“Josiah was eight years old when he began to reign, and he reigned thirty and one years in Jerusalem. And his mother’s name was Jedidah, the daughter of Adaiah of Boscath. And he did that which was right in the sight of the Lord, and walked in all the way of David his father, and turned not aside to the right hand or to the left” (2 Kings 22:1, 2).
Considering the context of Josiah coming to the throne, what is so remarkable about the above texts?
The Bible doesn’t give us any explanation for this remarkable young man who, considering the circumstances, was most likely destined to be as corrupt and wicked as his father before him. That, however, wasn’t the case. For whatever reasons, he chose a different course, and that was to have a positive, though ultimately limited, impact on the nation.
Second Kings 22 mentions what Josiah did in regard to the temple. From the dedication of the temple by Solomon, long centuries had passed until Josiah’s reforms (622 b.c.). The kings had not really taken care of the temple. Time had eroded the building, which had once been beautiful. The young king saw that the temple was no longer suitable for worship as a result of long years of neglect.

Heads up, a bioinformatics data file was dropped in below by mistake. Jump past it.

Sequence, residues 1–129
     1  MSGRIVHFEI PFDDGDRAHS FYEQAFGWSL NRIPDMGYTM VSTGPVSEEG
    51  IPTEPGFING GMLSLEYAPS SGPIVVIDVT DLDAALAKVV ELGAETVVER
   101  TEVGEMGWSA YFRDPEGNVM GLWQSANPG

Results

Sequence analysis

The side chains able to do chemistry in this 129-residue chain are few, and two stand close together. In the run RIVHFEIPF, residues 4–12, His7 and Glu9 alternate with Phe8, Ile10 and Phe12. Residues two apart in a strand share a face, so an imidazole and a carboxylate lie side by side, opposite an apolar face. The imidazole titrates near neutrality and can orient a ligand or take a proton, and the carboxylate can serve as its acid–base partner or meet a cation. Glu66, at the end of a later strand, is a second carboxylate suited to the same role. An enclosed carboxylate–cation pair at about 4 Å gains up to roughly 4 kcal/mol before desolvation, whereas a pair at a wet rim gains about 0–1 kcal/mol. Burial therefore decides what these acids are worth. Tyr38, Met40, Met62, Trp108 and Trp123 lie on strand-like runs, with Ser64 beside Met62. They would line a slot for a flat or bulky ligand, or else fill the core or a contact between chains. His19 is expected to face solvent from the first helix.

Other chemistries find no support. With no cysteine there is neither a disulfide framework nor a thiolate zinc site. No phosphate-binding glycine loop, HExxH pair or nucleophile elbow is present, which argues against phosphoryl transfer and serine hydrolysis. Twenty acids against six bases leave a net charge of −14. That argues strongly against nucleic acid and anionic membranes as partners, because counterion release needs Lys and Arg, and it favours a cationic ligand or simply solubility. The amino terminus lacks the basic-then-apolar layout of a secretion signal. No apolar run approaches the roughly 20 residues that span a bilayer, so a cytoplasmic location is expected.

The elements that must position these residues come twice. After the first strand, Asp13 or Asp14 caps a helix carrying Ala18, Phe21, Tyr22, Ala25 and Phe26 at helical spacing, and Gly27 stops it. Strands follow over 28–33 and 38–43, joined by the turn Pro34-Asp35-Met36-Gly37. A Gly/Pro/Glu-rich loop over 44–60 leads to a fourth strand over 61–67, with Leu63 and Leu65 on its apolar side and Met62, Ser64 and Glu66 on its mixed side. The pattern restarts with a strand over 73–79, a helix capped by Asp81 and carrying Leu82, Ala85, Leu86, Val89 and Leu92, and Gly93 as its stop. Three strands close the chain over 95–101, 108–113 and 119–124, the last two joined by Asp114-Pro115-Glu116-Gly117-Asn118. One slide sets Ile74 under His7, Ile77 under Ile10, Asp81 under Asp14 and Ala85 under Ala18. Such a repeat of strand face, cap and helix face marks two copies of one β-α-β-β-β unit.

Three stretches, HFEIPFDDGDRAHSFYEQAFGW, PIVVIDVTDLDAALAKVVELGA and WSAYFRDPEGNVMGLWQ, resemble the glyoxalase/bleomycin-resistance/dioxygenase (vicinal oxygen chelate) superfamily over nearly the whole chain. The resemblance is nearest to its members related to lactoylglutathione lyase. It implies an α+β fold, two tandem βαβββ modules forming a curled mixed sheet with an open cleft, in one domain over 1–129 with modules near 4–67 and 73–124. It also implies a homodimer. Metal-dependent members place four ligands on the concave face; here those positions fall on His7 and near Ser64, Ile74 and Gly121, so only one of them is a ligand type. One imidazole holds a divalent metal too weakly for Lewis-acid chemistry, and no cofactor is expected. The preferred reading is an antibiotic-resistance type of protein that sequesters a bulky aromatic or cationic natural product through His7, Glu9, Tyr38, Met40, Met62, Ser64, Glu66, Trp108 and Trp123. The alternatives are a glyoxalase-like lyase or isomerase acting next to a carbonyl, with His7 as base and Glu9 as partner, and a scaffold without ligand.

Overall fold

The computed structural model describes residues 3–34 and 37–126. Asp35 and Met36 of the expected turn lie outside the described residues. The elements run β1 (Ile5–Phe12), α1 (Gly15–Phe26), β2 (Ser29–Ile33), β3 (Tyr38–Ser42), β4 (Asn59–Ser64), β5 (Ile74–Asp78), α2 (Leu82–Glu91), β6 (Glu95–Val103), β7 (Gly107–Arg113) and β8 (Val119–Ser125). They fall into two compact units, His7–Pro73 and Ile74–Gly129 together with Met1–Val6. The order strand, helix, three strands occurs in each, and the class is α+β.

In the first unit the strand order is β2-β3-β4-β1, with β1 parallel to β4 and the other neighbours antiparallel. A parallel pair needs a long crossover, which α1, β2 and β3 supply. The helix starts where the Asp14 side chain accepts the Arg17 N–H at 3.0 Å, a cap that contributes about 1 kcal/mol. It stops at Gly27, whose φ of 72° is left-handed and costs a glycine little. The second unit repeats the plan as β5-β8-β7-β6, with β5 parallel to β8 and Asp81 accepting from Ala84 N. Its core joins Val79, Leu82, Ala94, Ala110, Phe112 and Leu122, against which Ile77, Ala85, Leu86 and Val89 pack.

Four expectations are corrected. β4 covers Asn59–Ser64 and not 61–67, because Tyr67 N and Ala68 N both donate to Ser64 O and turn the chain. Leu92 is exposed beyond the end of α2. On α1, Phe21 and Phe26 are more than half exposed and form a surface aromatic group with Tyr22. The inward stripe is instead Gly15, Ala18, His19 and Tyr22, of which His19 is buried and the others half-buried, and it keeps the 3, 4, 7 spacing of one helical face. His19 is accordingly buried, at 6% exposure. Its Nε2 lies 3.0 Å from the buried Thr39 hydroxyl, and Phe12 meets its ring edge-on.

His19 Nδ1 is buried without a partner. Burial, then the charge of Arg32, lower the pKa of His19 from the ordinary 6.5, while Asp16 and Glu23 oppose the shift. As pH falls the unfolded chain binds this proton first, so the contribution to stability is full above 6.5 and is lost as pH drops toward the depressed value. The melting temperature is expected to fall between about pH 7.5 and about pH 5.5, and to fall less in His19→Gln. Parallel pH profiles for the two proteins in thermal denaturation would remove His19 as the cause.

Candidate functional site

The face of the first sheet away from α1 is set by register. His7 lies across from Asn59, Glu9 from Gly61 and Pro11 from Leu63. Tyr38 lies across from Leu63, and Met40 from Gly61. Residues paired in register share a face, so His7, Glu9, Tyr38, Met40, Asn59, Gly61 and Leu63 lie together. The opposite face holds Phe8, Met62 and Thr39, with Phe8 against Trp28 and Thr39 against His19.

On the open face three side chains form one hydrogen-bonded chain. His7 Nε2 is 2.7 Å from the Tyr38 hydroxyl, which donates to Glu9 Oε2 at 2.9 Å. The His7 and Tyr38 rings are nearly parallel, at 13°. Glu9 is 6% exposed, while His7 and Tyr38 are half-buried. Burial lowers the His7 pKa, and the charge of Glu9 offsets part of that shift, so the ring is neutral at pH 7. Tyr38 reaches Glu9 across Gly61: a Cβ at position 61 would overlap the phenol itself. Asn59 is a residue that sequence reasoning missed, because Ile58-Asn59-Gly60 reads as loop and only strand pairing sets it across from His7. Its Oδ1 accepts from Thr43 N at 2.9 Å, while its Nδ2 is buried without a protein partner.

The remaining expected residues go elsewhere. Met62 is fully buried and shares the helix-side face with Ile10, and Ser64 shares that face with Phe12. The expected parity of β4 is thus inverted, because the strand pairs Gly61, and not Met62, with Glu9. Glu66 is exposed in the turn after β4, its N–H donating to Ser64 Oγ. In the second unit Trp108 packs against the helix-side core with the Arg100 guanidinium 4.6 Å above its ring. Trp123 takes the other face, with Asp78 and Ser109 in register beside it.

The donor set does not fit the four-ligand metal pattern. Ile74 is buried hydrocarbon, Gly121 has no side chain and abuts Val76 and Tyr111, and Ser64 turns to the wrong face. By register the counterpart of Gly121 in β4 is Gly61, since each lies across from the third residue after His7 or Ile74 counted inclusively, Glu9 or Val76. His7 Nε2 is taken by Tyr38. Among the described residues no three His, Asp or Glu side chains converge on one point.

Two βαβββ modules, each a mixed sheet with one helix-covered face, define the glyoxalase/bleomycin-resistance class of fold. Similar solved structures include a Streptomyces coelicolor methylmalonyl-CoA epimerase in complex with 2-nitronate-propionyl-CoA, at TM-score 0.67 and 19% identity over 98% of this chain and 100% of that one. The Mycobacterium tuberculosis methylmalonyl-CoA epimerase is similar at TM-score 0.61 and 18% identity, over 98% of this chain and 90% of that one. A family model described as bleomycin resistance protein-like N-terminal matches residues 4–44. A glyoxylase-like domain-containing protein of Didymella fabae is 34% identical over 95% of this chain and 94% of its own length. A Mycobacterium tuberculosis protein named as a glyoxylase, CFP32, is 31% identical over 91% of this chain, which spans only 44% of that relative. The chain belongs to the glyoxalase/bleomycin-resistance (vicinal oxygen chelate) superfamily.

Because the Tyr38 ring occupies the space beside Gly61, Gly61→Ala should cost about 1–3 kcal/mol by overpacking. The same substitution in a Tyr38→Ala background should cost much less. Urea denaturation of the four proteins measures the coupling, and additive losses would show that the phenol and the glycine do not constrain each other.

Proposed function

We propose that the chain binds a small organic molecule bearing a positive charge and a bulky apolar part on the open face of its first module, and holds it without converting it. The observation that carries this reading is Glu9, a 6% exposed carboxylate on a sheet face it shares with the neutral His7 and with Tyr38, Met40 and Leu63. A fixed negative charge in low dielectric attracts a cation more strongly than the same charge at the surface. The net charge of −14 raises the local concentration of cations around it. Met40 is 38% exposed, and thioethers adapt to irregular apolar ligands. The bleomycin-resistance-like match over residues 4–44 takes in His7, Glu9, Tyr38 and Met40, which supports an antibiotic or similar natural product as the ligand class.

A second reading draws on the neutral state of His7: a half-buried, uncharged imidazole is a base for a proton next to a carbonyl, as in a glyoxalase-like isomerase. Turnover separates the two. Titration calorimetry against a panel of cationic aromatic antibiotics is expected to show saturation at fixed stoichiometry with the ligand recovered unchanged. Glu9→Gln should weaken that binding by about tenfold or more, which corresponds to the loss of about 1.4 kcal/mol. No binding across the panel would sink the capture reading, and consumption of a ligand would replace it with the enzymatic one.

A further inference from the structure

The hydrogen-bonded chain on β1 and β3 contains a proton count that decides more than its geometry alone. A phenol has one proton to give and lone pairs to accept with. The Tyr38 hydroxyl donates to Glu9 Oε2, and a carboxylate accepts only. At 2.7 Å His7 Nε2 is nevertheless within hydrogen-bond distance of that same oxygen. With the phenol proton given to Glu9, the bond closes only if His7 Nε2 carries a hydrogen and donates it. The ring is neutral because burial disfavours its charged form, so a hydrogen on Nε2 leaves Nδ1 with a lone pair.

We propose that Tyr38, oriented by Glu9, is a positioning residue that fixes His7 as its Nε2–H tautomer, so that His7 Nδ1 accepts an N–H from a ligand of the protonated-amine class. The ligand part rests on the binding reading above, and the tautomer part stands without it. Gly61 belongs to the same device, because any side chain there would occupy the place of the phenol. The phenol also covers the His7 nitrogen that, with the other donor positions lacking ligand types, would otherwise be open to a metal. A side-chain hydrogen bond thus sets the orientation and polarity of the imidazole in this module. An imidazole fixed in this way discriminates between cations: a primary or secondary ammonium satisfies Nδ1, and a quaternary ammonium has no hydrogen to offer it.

What did Josiah do when he discovered the temple was in such disrepair? 2 Kings 22:3–7.
Today we would say that the king sent his minister of finance to the high priest and asked him to plan and oversee the materials and labor required to renovate the temple. They did not have to account for the money with which they were entrusted because they were acting faithfully. For whatever reasons, Josiah showed trust in them, and as far as the record shows, that trust was honored.
Refurbishing the temple is fine, but in the end, what really is crucial for a true revival and reformation? (See Phil. 2:3–8.)
Adventist Sabbath School Lesson for Adults Q4 2015 «Jeremiah» Lesson 8 – Josiah’s Reforms